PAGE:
Russian President Vladimir Putin has said Russia "doesn’t exclude" supporting Western military action in Syria, so long as it is approved by the United Nations Security Council and based on conclusive proof that President Bashar al-Assad's government used chemical weapons against civilians.

In a joint interview with Russian state television network Channel One and the Associated Press, published Wednesday, Putin appeared to strike a more diplomatic tone ahead of a G20 summit in St. Petersburg this week that will likely be dominated by the Syrian crisis.

While he renewed what have become routine warnings by the Kremlin against a unilateral US strike against the Assad regime, Putin also said that Russia had suspended shipments to Damascus of its S-300 missiles. Only some components of the powerful surface-to-air missiles have been delivered, according to comments reported by the Associated Press.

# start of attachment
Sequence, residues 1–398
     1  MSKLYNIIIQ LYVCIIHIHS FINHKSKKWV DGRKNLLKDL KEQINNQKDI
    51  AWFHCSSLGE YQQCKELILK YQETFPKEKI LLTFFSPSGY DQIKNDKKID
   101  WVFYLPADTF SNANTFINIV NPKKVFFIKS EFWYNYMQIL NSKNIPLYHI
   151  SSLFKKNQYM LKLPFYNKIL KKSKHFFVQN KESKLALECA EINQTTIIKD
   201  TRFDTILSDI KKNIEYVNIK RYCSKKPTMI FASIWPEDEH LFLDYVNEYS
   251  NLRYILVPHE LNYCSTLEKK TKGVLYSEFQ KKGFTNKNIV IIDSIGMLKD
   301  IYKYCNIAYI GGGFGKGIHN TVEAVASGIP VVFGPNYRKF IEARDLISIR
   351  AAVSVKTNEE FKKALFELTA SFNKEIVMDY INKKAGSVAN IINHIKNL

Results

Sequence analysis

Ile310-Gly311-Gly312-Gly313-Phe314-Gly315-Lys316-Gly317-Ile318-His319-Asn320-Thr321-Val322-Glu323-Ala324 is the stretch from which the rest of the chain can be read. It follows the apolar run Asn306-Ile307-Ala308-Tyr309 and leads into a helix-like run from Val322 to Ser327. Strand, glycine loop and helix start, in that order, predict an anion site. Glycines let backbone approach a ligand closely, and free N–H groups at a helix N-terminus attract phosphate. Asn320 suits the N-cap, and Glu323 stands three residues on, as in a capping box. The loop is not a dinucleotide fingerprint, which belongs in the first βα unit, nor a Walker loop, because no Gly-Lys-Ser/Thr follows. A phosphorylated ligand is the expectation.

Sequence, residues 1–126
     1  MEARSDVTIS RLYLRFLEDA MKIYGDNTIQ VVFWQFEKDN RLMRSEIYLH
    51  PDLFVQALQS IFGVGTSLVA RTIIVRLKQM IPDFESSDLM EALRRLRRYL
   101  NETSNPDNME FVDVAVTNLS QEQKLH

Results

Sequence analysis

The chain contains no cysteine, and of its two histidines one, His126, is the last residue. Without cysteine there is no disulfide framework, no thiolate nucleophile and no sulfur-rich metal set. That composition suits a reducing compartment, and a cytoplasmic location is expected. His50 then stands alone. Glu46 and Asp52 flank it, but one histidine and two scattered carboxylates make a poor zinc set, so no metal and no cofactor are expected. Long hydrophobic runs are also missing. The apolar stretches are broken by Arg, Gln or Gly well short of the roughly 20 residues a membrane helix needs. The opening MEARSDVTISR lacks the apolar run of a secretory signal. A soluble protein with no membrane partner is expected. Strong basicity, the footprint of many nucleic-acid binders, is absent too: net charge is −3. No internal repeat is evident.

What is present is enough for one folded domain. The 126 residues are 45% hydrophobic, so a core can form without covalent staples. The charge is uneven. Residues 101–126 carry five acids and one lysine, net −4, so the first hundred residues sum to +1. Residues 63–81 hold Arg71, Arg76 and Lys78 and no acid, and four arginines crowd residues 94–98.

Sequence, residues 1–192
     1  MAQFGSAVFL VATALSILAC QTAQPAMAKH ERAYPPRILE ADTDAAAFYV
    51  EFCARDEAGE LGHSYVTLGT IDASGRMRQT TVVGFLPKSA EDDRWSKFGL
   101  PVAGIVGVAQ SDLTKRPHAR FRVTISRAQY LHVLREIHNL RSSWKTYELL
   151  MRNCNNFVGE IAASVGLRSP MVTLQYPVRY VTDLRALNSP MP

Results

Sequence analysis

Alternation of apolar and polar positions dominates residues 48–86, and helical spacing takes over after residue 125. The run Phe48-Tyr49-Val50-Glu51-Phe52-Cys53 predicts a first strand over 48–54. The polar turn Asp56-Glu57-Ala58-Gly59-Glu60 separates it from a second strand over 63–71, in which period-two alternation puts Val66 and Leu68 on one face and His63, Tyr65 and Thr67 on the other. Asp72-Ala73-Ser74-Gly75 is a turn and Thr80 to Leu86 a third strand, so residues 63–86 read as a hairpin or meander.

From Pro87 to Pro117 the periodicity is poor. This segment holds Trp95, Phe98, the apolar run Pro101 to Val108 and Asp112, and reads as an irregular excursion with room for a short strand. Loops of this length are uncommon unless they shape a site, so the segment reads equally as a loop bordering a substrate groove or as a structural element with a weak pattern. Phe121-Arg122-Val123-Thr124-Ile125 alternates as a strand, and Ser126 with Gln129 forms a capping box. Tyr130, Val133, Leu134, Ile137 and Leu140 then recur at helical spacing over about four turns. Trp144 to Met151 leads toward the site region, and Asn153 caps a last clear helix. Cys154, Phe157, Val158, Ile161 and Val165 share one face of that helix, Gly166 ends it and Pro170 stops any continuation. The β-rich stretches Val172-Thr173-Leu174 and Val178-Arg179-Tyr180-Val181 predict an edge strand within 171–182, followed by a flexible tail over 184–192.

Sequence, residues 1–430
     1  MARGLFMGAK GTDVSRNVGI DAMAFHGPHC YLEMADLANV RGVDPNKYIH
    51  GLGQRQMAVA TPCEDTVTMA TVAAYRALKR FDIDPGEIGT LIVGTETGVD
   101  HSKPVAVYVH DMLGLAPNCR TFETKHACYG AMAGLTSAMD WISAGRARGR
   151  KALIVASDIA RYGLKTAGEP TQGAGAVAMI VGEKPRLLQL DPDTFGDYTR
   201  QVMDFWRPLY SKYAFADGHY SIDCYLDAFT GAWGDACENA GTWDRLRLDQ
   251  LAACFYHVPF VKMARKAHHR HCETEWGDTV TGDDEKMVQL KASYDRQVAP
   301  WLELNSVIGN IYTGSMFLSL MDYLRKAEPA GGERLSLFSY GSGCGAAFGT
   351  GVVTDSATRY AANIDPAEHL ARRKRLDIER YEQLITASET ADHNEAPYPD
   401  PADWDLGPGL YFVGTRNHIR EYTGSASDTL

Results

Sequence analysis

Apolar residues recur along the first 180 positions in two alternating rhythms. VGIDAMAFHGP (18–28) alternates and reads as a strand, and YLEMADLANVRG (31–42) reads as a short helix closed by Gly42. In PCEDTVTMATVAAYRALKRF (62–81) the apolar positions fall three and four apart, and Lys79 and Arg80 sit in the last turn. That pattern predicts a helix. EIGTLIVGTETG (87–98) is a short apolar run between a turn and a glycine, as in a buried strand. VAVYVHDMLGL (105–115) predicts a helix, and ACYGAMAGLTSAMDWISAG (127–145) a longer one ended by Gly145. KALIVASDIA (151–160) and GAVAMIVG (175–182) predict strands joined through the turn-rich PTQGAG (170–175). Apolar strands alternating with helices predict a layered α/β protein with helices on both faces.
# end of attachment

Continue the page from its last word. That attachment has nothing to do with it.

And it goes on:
Read the full report: "Putin: Russia 'doesn’t exclude' backing Syria strike"

Watch a portion of his interview with the AP:

UPDATE: 9/3/13 6:05 PM ET

Signing off, but ICYMI: Kerry's opening statement

Here is a transcript of Secretary of State Kerry's opening statement during the hearing in front of the Senate Foreign Relations Committee.

Watch the statement:

And Defense Secretary Hagel's opening statement:

This live blog is now closed. Please check here for further developments.

UPDATE: 9/3/13 6:00 PM ET

Not war in the classic sense

Kerry was firm in responding to Paul, saying it was "guaranteed" that Assad would use chemical weapons again, if the United States did not respond.